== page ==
Facebook company and Instagram will not allow developers scanning their social media profiles for surveillance activities.
Facebook and it app Instagram have updated the terms and conditions to prevent developers from scanning social media profiles for surveillance activities.
A report recently published revealed the US Department of Homeland Security used software to scan social media accounts of people visiting the USA trying to identify terrorists.
The experiment was conducted by in December 2015 by the US Citizenship and Immigration Services, but the results obtained were not satisfactory.
TheÂ disappointing results pushed the DHS on looking for companies to improve their scanning capabilities.
“DHS has established a task force for using social media to screen applicants for immigration benefits. In connection with that effort, U.S. Citizenship and Immigration Services (USCIS) began pilots to expand social media screening of immigration applicants” reads the report. “
“In reviewing the pilot, USCIS concluded that the tool was not a viable option for automated social media screening and that manual review was more effective at identifying accounts,”Â
“USCIS based its conclusion on the tool’s low ‘match confidence.’ Because the resulting accounts identified by the tool did not always match up with the applicants, officers had to manually check the results. However, USCIS did not establish match benchmarks for the tool, so it does not know what level of match confidence would signify success or failure.”
Facebook has decided to stop allowing private companies and Government agencies in using the data feedsÂ belonging to its social media platform and Instagram for surveillance activities.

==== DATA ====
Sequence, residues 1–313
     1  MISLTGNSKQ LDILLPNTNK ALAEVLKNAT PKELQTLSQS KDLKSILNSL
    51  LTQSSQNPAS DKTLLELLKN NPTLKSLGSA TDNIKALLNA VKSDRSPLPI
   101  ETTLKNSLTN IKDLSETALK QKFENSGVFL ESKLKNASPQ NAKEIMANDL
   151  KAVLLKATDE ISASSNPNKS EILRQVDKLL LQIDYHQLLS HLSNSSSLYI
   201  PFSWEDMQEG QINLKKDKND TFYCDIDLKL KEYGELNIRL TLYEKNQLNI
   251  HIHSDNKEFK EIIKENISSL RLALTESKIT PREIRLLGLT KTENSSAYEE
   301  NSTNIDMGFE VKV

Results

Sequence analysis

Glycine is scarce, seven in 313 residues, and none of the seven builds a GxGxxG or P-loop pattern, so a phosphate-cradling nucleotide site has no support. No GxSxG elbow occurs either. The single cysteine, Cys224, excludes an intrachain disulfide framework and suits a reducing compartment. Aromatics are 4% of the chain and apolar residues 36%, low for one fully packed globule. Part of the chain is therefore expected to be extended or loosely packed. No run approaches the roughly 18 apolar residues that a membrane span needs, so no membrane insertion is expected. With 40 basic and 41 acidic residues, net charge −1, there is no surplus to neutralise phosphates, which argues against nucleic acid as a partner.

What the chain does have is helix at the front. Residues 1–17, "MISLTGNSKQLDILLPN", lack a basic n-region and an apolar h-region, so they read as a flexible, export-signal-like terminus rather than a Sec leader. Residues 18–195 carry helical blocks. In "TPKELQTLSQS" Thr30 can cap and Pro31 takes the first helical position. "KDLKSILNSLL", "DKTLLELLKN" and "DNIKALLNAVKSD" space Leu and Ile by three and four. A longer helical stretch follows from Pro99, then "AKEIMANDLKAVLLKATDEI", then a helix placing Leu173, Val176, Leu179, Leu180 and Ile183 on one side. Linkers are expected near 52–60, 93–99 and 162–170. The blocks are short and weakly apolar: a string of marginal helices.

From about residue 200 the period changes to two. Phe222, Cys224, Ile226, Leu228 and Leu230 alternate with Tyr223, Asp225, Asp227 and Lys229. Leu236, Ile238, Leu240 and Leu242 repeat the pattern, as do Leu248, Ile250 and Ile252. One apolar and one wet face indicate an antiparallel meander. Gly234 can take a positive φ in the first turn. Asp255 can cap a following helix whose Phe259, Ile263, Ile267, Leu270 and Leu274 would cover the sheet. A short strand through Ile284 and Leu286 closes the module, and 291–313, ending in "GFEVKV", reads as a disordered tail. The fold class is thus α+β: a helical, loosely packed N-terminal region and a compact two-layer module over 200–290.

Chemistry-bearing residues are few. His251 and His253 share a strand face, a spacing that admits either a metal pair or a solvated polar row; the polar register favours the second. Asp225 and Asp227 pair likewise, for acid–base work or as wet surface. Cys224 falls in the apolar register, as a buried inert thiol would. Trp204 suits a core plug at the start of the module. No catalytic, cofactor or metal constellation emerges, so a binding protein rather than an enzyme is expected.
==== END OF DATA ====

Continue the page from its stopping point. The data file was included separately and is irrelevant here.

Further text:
“Developers cannot ‘use data obtained from us to provide tools that are used for surveillance.’ Our goal is to make our policy explicit,” Facebook said.
“Over the past several months we have taken enforcement action against developers who created and marketed tools meant for surveillance, in violation of our existing policies; we want to be sure everyone understands the underlying policy and how to comply.”
Other IT giants have adopted a similar policy before Facebook, last year TwitterÂ blocked US intelligence agencies from accessing a service that analyzes the content posted onlineÂ through the social media platform in real time.
â€œTwitter Inc. cut off U.S. intelligence agencies from access to a service that sifts through the entire output of its social-media postings, the latest example ofÂ tensionÂ between Silicon Valley and the federal government over terrorism and privacy.â€�Â statesÂ theÂ TheÂ Wall Street Journal.
The social media giant owns about a five percent stake inÂ DataminrÂ which is the unique service allowed to access the real-time stream of public tweets.
Twitter banned third-party companies from selling data to intelligenceÂ agencies for surveillance. After a pilotÂ programmeÂ conducted byÂ In-Q-TelÂ now ended, the company told Dataminr that it will stop providing the service to the US Government.Â Dataminr has a $225,000 contract to provide its service to the Department of Homeland Security.
Of course, such kind of measure will not block surveillance programs conducted by the US intelligence that can demand data from Facebook via National Security Letters, or collect information through surveillance programs like PRISM.
(Security AffairsÂ â€“ Facebook, surveillance)